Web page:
A butterfly does his thing

Feeling Terrific in the Pacific

Blue Pacific Ocean waves crashing near Abaiang Island Kiribati

Guest post by Chris

After “settling down” in Austin and spending way too much time at Home Depot, I wanted to travel again.  Deah was busy with her new job, but suggested I go solo on the condition that I write a guest blog-post.  I’m no Shakespeare, but ventured out regardless for a three week Pacific trip to Marshall Islands, Nauru, and Kiribati.

I spent several days on Majuro Atoll, Marshall Islands on both ends of the trip. It’s accessible via the United Airline island hopper flight starting in Honolulu. Due to the Compact of Free Association with the USA, Majuro has a somewhat American feel to it; brands, beers, T-shirts, people with relatives in the States, etc. It’s a long, skinny island, but easy to get around by frequent taxis and infrequent buses.

The international airport of Majuro, Marshall Islands. Tiny place but has a cafe, bar, wifi, etc.
The Peace Park build by the Japanese and Marshallese governments commemorates all those killed in the Pacific during World War II. About 30 minutes by car from Majuro.
This guy (?) was about the size of my little fingernail. There were lots of critters on the reef that were easy to see by walking out during low tide.
A “flame tree” outside the Flame Tree Restaurant.

After a Nauru Airlines flight delay of 48 hours, I arrived in Nauru; an island nation that used to be one of the world’s richest per capita, but is unfortunately now one of the poorest.  This change was due to over-exploitation of massive phosphate deposits by foreign countries and later Nauru itself.  The removal of the phosphate left a lot of coral pinnacle formations.  It only takes about three hours to hike around the entire country; four if it’s really hot and you stop for the occasional beer or dip in the ocean. 

Welcome to Nauru. This is the entire country.
Coral pinnacle formations.
Cantilever used to load and unload ships. Currently ships can’t get closer than the edge of the reef. There is a quay under construction.
Weightlifting is popular for both women and men on Nauru.
Weightlifters need loads of protein, so these little piggies better be careful.
Engine from a phosphate train on display outside of a tiny museum on Nauru’s history.

Next up was Kiribati; one of the world’s smallest countries by landmass, yet one of the largest by sea territory.  I visited two islands; Tarawa and Abaiang.  South Tarawa was full of small villages and towns, busy, and easy to get around in by mini bus. One of the main Tarawa attractions is the World War II battle site and its Japanese coastal guns and bunkers. Abaiang was less developed, rustic, and more laid back. I got there and back by two-hour boat ride, but there is a occasional plane option. Both islands had lots of places to swim (high tide) and walk out to look for various critters (low tide). The Kiribati people I met were all friendly and helpful. I enjoyed both islands.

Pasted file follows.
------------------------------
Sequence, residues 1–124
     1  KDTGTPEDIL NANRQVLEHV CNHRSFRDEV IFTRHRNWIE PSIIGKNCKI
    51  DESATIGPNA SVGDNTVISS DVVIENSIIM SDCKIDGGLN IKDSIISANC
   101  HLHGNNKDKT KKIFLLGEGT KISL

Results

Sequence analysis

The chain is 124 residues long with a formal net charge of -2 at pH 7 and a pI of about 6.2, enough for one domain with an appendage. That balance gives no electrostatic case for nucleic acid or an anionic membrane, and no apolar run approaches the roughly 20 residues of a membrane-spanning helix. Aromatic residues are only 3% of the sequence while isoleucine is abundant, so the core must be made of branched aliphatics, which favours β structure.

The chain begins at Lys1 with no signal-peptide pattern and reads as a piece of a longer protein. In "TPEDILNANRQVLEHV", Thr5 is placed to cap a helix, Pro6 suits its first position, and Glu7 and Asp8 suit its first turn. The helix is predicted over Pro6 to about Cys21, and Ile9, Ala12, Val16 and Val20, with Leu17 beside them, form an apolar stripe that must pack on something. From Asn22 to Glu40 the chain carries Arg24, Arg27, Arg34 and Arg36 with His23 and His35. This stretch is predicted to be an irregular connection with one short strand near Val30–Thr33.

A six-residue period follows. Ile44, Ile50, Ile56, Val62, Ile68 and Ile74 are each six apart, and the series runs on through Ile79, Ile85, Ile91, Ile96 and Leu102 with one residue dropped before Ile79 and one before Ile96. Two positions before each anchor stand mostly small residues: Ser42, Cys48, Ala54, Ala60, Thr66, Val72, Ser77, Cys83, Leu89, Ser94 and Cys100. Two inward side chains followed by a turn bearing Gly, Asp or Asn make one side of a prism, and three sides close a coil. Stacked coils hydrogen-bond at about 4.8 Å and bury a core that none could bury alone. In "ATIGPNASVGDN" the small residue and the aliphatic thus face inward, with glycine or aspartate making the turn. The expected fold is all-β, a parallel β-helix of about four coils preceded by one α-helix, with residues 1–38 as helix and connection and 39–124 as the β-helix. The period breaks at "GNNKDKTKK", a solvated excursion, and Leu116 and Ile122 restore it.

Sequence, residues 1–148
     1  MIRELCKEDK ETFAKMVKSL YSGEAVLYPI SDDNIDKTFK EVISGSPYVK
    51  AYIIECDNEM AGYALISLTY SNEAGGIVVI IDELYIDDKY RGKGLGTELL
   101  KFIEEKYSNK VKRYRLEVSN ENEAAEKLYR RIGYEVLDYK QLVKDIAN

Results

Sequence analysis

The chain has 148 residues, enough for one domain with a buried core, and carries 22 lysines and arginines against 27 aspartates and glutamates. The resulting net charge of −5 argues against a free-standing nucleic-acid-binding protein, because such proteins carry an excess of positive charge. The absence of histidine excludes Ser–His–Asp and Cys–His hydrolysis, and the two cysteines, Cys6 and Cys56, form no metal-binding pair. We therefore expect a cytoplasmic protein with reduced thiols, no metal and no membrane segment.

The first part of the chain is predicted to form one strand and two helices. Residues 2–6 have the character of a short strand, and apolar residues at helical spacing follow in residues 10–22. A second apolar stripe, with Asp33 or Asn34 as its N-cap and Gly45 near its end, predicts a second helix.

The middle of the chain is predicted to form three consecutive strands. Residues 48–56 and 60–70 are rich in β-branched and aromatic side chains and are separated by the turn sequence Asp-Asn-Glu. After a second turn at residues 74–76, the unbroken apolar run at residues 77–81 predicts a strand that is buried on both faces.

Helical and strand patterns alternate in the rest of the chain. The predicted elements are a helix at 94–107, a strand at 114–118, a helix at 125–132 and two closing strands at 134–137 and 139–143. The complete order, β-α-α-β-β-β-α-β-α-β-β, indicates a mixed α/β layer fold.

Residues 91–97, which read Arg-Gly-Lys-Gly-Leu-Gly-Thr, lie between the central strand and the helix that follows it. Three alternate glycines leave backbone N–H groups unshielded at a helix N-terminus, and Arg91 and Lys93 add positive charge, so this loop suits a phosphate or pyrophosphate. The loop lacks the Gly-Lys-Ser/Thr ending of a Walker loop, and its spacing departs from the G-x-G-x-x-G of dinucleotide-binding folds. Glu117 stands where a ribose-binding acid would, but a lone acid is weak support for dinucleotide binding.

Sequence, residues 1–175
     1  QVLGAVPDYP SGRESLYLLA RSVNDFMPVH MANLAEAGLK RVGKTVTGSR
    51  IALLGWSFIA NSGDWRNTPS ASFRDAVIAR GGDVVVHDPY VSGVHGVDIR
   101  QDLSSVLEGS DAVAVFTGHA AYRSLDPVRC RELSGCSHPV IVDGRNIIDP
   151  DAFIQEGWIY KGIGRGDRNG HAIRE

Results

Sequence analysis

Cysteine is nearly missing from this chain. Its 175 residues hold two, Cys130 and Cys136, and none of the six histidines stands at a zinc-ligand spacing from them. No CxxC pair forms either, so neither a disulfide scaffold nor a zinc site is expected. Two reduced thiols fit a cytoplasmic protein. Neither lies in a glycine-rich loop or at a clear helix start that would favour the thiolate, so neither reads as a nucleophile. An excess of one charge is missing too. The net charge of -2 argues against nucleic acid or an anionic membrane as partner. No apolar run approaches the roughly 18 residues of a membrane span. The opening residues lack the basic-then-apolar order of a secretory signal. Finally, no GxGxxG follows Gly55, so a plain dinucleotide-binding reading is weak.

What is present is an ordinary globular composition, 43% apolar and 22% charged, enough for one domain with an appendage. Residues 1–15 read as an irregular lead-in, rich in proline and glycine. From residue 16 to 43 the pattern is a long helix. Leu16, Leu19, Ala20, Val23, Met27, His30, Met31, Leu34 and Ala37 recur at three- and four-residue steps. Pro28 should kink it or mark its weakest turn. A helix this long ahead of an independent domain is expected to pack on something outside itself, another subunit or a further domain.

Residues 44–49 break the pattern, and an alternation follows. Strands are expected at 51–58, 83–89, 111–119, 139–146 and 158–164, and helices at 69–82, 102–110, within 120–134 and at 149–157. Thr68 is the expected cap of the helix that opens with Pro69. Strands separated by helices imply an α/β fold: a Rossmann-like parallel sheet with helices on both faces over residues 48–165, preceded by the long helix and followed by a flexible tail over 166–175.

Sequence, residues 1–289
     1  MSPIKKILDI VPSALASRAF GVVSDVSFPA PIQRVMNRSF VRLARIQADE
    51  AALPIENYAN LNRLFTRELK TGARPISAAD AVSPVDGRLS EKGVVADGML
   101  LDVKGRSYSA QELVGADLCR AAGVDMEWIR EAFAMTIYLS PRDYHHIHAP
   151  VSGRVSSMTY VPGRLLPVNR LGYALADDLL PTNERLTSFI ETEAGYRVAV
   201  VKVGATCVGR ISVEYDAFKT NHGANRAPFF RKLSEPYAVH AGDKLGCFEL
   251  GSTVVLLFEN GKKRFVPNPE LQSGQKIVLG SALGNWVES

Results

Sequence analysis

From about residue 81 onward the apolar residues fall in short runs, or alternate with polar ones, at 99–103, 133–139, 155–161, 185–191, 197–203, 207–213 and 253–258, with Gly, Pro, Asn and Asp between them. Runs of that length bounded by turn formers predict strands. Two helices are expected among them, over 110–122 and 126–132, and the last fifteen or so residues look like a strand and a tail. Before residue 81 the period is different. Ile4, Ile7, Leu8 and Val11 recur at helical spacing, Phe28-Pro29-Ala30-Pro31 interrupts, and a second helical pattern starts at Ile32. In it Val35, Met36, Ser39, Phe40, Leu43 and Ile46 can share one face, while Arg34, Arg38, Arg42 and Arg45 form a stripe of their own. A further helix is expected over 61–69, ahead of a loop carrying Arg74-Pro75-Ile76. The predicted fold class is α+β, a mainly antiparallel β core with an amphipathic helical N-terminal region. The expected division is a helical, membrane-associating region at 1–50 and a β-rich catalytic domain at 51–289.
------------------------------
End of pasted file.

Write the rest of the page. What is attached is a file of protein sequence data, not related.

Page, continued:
Blue on the ocean side and green on the lagoon side of Tarawa atoll, Kiribati.
Japanese gun and bunkers left over from the World War II battle of Tarawa.
Looking back at Tarawa during low tide.
Passengers first ride a 25-passenger boat from Tarawa, then transfer in groups to a tiny motorboat, and finally walk through the swallow water to arrive to Abaiang atoll.

All in all it was a fun trip to three countries with three distinct personalities. The most challenging parts were getting a Nauru visa and scheduling flights. The best part was meeting lots of really friendly people in a relaxing part of the world.

Christmas on the Coast: the Gulf Seashores of Mississippi

If you’re dreaming of a white Christmas, but don’t like snow- then I suggest a trip to the US Gulf Coast. Stretching from Florida to Texas, the white sand beaches and quaint coastal towns, coupled with 70 degree days, are a delight in the off-peak winter months.

A “sandman” greets us at Christian Pass, Mississippi

The Gulf Coast isn’t complete without a ‘Pascagoula Run’, so avoid I-10 and take Highway 90 instead to Pascagoula. Are you a Parrothead? Look for the Buffet Bridge near Buffet Beach, a 2015 honor for local-boy-made-good Jimmy Buffet. You can also stop by his childhood home on Madison and see a plaque, and imagine a young Jimmy listening to tales from his grandfather, a ship captain.

Buffet Bridge, Pascagoula

Ready to fuel up on some lunch? According to Charles McCool of McCool Travel, you can’t beat the po’boys at Bozo’s Seafood Market. Order seafood at the deli, a sandwich from the counter, or just pick up some groceries at this market, which has been around since 1956. I recommend their shrimp or their oyster po’boy, or if you can’t decide, get their half-and-half. Watch out for their cocktail sauce- it has a nice kick!

Bozo’s Seafood Market, Pascagoula

On your way out of town, stop in at the Lighthouse Park. For $2, you can climb to the top and see the 360 degree views. Take a short walk to the boat launch, and look for the plaque commemorating the 1973 alien abduction of two men fishing the river one night. Hoax? True story? Decide for yourself.